Anonymous Apps Like Whisper and Secret Have a Dark Side

Social Media sites, such as, Ask.fm, Secret, Whisper and Yik Yak are letting people talk anonymously to each other which is leading to cyberbullying, abusive content, and teen suicide. This is causing brands to be more cautious on where they are advertising.

These sites are mainly used to share private information without their identity being known. People can discuss their issues without the receiving end knowing who they are. Where this might be helpful to the user, it can also be harmful because it leads the responders to tease and bully. There have been seven teen suicides that are linked to bullying on Ask.fm.

These sites have been scrutinized for the way they are dealing with cyber bullying. Secret’s cofounder and CEO has been labeled as having an “uncaring attitude toward cyberbullying.” After this, Secret implemented a system to detect any cyber-bullying. Whisper is also trying to come up with solutions for these problems. They launched Your Voice which is a non-profit platform which gives users the ability to discuss depression and mental health.

Knowing that there is a lot of cyberbullying with an outcome of teen suicide, do you feel that it is too risky for brands to advertise on these social media platforms?

http://www.adweek.com/news/advertising-branding/anonymous-apps-whisper-and-secret-have-dark-side-160107

– Natalie Ishkanian

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2 thoughts on “Anonymous Apps Like Whisper and Secret Have a Dark Side

  1. Brands should use selectivity in discerning where they advertise and not just saturate social media spaces because it’s financially lucrative. Cyber bullying on apps, due to the anonymity (and other social media sites where identity doesn’t need to be disclosed) need to be closely monitored and addressed with anti-bullying tactics and they have a long way to go. The anonymity perpetuates bullying and other problems such as the article depicted, a platform for terrorist groups (ISIS) to recruit on Ask.fm. Lee Tien, senior staff attorney at the nonprofit digital rights organization, Electronic Frontier Foundation, stated in the article that working through bullying goes hand in hand with free speech and free speech comes at a cost. True, free speech does come at a cost but abuse such as bullying; harassment, and taunting are subject to anti-bullying laws.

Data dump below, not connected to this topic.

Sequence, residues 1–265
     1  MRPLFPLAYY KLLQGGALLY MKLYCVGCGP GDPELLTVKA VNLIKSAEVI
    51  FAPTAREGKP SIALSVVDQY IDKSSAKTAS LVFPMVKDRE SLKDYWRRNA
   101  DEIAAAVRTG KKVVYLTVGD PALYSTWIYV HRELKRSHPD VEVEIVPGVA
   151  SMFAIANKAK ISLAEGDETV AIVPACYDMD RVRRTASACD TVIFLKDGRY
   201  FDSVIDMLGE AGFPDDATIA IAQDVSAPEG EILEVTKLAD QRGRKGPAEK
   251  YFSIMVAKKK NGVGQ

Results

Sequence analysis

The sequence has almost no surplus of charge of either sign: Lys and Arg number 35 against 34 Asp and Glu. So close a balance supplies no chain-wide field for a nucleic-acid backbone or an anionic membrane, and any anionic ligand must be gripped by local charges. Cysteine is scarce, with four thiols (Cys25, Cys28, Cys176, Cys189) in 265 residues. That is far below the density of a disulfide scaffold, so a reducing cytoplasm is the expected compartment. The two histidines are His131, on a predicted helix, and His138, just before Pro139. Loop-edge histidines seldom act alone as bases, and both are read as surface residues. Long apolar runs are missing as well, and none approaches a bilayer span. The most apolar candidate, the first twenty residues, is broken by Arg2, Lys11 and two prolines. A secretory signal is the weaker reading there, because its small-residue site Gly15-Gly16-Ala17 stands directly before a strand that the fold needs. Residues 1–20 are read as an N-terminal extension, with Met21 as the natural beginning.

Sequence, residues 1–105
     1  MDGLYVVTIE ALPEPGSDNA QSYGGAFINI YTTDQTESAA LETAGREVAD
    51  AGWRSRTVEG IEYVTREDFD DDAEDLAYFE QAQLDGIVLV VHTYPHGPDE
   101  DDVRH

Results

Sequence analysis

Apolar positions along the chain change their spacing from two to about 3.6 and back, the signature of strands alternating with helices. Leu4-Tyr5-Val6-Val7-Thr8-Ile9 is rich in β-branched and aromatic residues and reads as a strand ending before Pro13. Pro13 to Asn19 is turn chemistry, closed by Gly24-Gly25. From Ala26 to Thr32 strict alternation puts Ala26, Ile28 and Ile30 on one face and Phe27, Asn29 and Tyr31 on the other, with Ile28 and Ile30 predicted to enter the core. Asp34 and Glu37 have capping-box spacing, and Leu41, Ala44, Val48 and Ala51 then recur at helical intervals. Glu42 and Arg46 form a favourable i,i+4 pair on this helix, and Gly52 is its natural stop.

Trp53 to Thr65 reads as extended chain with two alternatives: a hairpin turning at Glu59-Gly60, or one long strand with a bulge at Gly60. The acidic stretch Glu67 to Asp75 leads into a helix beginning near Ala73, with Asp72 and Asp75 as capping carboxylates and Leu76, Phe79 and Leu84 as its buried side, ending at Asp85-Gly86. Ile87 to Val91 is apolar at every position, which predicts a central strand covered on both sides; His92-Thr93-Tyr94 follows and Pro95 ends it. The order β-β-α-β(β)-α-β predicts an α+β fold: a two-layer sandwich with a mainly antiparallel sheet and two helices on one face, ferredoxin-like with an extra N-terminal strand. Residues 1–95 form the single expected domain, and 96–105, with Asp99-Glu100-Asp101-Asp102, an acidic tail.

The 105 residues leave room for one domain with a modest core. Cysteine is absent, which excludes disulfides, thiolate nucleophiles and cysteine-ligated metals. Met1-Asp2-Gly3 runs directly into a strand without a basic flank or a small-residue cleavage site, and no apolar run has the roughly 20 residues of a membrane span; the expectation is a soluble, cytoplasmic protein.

It’s incumbent on Advertisers and Investors to take a position that bullying is unacceptable and by withdrawing from those outlets they are not only making a statement, but also setting precedence. Relative to how the Brands reacted to the recent domestic violence incidents of Rice and Peterson, Nike pulled Peterson gear off the shelves, Anheuser-Busch, PepsiCo, McDonalds, Campbell’s Soup, thus far have all vocalized utter disappointment over the handling of the NFL’s reaction to these cases. It is in Advertisers’ best interest to retract from markets concerning unacceptable conduct.

  2. It’s really interesting to see how social media is having a lot of negative impact on some people, when I am sure social media was initially created to facilitate communications between people and share common interest. Sites like these who don’t seem to do anything to stop this cyber bullying and show a nonchalant reaction to it, should be banned or taken out of the internet. Although that is impossible to do, I think creating sites that will stop the cyber bullying (and I am sure there must be some, but are poorly advertised) would be a good start to help take down these sites or at least give the owners a wake up call about better monitoring their sites and the content distributed on them. Or maybe, companies should stop advertising on these sites??? It is never a black and white answer, since everything is driven by money and revenue today…

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